Tricks of the Trade Part 2 – Learning to Lose
To trade well you must learn to lose. That may sound like unusual advice from a guy who throws more temper tantrums than a teething baby any time a trade doesn’t go his way, but it is nevertheless the most fundamental truth of this business. Trading at its core is the art of managing failure.
Of course that is not how most retail traders approach this game. Subconsciously we expect to win every time we open a position and several losses in a row often send us into a near catatonic state of despair. I’ve often suspected that the reason most people quit trading has less to do with their ability to read the market and much more to do with the psychological shock of losing money on a near daily basis. After all, there are very few areas of life where we confront failure every single day.
Generally in our daily routine we are almost always preconditioned for success. We expect the trains to run on time, our computers and Internet connections to work flawlessly, our clothes to be perfectly pressed when pick them up for the dry cleaners and a million other mundane tasks that we take for granted. Indeed, the purpose of our civilization is to constantly engineer failure out of existence by providing us with better tools to handle all of natures many challenges.
Even in highly complex and risky professions such as emergency medicine we have become much more proficient at our tasks. ER doctors face a multitude of medical problems, most of which they are able to control. In an industrialized country, it is almost unheard of for an emergency doctor to lose a patient every single day, unless there are some special circumstances such as an unknown virus. On the other hand if you are trading FX, a losing trade every day is the rule rather than the exception.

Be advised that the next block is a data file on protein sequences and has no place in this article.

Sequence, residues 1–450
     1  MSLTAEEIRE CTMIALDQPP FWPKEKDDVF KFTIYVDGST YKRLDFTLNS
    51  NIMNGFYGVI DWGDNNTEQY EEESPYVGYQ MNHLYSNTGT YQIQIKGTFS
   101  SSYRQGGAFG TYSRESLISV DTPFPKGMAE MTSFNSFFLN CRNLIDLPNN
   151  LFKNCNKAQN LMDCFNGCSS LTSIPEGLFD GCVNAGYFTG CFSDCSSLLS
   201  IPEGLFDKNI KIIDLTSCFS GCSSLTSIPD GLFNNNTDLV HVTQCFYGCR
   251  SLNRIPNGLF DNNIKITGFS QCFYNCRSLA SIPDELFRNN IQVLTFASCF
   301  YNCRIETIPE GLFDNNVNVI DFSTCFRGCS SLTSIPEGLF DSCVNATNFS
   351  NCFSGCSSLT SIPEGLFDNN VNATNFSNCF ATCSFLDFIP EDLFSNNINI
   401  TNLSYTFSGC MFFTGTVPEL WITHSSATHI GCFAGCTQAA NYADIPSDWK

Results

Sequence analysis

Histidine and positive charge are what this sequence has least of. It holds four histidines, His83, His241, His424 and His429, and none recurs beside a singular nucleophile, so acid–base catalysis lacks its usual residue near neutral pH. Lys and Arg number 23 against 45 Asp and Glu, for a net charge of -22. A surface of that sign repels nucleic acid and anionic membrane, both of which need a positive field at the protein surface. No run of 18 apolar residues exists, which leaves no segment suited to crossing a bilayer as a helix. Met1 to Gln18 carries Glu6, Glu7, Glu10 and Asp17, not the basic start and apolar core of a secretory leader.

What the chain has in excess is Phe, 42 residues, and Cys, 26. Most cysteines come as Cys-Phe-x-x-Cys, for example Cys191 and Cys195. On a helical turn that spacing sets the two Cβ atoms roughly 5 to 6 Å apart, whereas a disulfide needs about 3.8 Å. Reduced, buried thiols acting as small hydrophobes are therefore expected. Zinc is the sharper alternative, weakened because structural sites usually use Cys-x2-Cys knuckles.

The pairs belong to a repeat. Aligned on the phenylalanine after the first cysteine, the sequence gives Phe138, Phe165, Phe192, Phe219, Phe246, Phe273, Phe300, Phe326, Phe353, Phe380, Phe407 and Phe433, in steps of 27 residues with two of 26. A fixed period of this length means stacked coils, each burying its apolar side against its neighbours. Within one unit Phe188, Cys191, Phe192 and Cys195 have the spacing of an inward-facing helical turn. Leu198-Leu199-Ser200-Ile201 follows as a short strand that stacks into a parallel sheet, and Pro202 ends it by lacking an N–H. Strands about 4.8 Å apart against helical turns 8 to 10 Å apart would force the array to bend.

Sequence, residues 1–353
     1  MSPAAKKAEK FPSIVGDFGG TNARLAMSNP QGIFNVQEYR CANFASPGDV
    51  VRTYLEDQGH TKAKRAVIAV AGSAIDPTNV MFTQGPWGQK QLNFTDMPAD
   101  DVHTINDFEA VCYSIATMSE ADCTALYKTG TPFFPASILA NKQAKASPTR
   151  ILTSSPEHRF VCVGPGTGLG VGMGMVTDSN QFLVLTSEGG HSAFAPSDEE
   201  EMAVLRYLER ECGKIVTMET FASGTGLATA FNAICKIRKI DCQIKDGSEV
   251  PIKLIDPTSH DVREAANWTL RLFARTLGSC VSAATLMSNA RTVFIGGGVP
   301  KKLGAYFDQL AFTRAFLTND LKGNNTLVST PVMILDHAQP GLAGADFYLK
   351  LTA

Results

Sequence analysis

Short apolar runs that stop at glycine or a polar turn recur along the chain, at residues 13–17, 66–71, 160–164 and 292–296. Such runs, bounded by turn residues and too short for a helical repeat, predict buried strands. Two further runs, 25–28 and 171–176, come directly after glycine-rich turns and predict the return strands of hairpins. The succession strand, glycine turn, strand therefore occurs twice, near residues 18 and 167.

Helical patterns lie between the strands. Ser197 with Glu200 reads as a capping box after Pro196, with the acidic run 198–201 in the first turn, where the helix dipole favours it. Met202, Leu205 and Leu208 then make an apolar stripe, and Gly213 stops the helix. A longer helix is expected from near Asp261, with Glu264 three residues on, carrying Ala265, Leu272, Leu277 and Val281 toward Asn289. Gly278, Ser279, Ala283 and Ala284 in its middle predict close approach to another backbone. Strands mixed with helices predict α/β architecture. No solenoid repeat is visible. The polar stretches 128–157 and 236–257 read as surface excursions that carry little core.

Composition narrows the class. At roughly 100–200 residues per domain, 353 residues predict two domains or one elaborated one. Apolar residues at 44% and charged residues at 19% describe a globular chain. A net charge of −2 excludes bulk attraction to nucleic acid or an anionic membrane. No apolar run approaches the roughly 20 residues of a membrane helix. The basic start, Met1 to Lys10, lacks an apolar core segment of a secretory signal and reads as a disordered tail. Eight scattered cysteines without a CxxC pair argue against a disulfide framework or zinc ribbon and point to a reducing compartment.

I make this analogy not to trivialize medicine which is a far nobler and greatly more valuable calling than speculation, but rather to a make a point about expectations. The reason trading is so difficult is because it stands outside our normal frame of reference. As modern day human beings we are just not used to dealing with constant failure as a way of life. Most traders will accept one or two losses in a row, but few realize that even in a 80% accurate strategy they can often generate a string of five or six consecutive stopouts.
There is no perfect way to combat this problem but a trick of the trade that I’ve found useful is to simply run your strategy manually on a price chart to see how well it performs during random periods of time. Many traders of course back test their strategies and many computer programs offer very sophisticated analytical tools to show you how the trades have performed. However, while computer backtesting is a nice tool, it is virtually useless in helping you trade. Reams of computer driven reports can provide you with an academic analysis of your trading methodology, but none of them will offer you the psychological truth that comes from actually feeling the trades as they occur on the chart. There is something incredibly powerful about marking your wins and losses by hand that makes you absorb the dynamics of your strategy in the most primal and effective way. We may be highly evolved mammals, but we are mammals nonetheless and as such we are still tactile animals. I’ve found that by just working out my strategy on a chart, seeing all those wins and losses cluster and spread out over various time frames, I was able to trade much better in real time because I knew the likely outcomes and was not as perturbed by a string of stopouts. After adjusting my expectations I finally learned how lose.